Have you been recently diagnosed with Dementia or do you know anyone in your family or a close friend who has been diagnosed with Dementia? Then you should certainly read this guide that has been created by the Alzheimer's Society
According to a new study by an international group of researchers, 90% of all cases of dementia in China remain undetected. This is, in large, due to a lack of mental healthcare education of high-risk groups in rural areas.
Consequently, it is our mandate to improve the awareness of the disease among this group to improve the state of living for families and caregivers.
Read the full article here: http://www.kcl.ac.uk/newsevents/news/newsrecords/2013/07-July/Over-90-percent-of-dementia-cases-in-China-are-undetected.aspx
Izzy Lee, 36 is an artist manager from Islington, north London. Earlier this year she recorded a charity single for Dementia UK in memory of her father William who passed away earlier this year.
She said: “Society has stigmatized dementia. People assume that those with the condition will be put into homes, or are crazy because they lose their memory. My dad was very independent, so kept his diagnosis from me and my brother because he was a very proud man.”
On March 21, Lee’s father went missing from his home for four days and was eventually discovered miles away. It is suspected that he died from hypothermia.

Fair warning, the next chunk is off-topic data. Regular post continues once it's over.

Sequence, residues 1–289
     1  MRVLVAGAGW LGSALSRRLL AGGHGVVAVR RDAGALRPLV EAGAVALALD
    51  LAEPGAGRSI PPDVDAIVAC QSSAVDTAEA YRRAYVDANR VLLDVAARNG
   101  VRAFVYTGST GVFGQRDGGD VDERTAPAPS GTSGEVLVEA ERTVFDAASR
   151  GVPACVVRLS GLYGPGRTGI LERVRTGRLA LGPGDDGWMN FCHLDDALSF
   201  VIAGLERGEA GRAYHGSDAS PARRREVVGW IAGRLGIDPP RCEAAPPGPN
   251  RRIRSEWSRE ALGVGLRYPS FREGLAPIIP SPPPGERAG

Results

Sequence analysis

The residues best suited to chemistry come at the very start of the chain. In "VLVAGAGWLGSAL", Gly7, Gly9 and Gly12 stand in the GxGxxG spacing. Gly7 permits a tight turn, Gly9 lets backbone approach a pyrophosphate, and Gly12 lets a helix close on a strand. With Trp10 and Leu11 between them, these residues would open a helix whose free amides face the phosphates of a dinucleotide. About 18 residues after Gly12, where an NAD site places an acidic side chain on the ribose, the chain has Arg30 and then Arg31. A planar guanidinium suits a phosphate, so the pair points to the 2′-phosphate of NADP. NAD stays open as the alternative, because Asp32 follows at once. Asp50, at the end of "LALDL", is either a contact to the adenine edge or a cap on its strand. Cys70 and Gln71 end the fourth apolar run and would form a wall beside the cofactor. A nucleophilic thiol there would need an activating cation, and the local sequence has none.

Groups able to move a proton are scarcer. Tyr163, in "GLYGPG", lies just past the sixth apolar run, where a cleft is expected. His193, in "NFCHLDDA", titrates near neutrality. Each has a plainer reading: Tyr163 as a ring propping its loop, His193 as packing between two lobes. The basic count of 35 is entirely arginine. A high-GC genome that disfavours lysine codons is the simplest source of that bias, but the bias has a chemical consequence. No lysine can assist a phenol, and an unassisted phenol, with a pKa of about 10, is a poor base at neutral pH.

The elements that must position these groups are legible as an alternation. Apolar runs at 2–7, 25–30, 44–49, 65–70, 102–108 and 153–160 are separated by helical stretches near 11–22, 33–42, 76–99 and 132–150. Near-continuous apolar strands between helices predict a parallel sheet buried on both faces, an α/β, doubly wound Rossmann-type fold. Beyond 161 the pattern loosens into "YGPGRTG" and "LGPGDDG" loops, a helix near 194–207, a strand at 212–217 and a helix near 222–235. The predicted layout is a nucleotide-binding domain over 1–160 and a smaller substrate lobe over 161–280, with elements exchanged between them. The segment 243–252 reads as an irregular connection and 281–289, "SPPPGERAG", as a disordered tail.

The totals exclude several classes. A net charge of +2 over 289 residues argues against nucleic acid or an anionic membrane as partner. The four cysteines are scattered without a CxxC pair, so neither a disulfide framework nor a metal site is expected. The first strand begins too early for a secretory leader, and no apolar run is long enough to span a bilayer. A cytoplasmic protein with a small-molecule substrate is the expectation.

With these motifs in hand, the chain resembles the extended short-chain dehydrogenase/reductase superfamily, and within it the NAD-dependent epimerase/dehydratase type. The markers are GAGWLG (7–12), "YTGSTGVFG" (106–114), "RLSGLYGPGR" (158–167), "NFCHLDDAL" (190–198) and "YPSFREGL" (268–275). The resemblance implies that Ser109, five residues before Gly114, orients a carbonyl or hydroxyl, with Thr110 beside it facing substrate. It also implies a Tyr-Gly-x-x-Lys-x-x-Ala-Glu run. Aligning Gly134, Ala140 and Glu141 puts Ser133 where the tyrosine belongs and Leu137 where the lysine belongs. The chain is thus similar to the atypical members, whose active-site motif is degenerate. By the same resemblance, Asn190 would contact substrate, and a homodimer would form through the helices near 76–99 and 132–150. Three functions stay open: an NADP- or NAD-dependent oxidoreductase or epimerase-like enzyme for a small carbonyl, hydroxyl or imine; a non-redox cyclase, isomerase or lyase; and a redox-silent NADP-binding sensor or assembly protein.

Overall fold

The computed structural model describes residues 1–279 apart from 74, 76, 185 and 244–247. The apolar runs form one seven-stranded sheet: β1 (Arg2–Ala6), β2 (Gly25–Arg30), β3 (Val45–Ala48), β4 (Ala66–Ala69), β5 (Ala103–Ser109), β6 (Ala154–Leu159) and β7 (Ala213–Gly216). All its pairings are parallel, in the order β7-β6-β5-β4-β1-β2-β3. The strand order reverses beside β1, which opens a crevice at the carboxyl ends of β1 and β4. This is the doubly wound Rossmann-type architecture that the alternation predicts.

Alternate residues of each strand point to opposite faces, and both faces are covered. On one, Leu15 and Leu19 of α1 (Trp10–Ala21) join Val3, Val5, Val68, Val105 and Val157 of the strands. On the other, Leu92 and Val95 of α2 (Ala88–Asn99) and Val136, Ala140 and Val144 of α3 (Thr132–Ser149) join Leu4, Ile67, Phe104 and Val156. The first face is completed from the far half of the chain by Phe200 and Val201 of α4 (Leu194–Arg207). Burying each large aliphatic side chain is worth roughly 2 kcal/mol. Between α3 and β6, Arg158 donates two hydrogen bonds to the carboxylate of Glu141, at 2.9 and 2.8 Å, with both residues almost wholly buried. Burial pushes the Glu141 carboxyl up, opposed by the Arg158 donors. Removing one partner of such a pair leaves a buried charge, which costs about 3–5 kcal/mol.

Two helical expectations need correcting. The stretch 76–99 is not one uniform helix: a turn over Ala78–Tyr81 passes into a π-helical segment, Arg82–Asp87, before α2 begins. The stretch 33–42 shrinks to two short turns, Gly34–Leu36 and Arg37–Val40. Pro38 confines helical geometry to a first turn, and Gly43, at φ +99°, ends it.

Through her grief, the mother-of-two decided to write An Angel, to share the impact her father’s death had on the family.
Scientists from the Rush University Medical Center in Chicago have published an article in the journal "Neurology" where they forecast an increase in cases of dementia by a factor of 3 in the next 30-40 years.
Read more about it here: http://www.health24.com/news/Alzheimers_and_dementia/1-890,79292.asp
We are happy to announce that on September 21st, 2013 (coinciding with the World Dementia Day), we will be hosting the first World Dementia Summit, bringing together thought leaders on Dementia from science, industry, politics as well as international organizations to discuss the future of dementia and to come up with an action plan on how to combat this disease.
We stumbled upon this insightful article on Science Daily, discussing whether camels can help fight Alzheimer's disease? In this article they announce the discovery of a new class of antibody in camelids (camels, dromedaries, llamas, and alpacas) that is able to cross the blood-brain barrier, diffuse into brain tissue, and reach specific targets. Having such antibodies, which are naturally available, may be part of a "game changer" in the outcomes for people with brain diseases that are poorly diagnosed and treated, at best, using today's tools.
Read the full article here.